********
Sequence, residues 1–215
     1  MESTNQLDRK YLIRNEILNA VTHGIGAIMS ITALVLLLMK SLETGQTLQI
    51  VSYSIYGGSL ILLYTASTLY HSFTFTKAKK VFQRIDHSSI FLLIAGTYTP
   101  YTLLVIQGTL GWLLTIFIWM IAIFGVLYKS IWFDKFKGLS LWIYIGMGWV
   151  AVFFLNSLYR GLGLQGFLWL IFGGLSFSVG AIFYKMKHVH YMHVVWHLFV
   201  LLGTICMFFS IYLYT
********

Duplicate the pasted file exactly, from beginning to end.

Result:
Sequence, residues 1–215
     1  MESTNQLDRK YLIRNEILNA VTHGIGAIMS ITALVLLLMK SLETGQTLQI
    51  VSYSIYGGSL ILLYTASTLY HSFTFTKAKK VFQRIDHSSI FLLIAGTYTP
   101  YTLLVIQGTL GWLLTIFIWM IAIFGVLYKS IWFDKFKGLS LWIYIGMGWV
   151  AVFFLNSLYR GLGLQGFLWL IFGGLSFSVG AIFYKMKHVH YMHVVWHLFV
   201  LLGTICMFFS IYLYT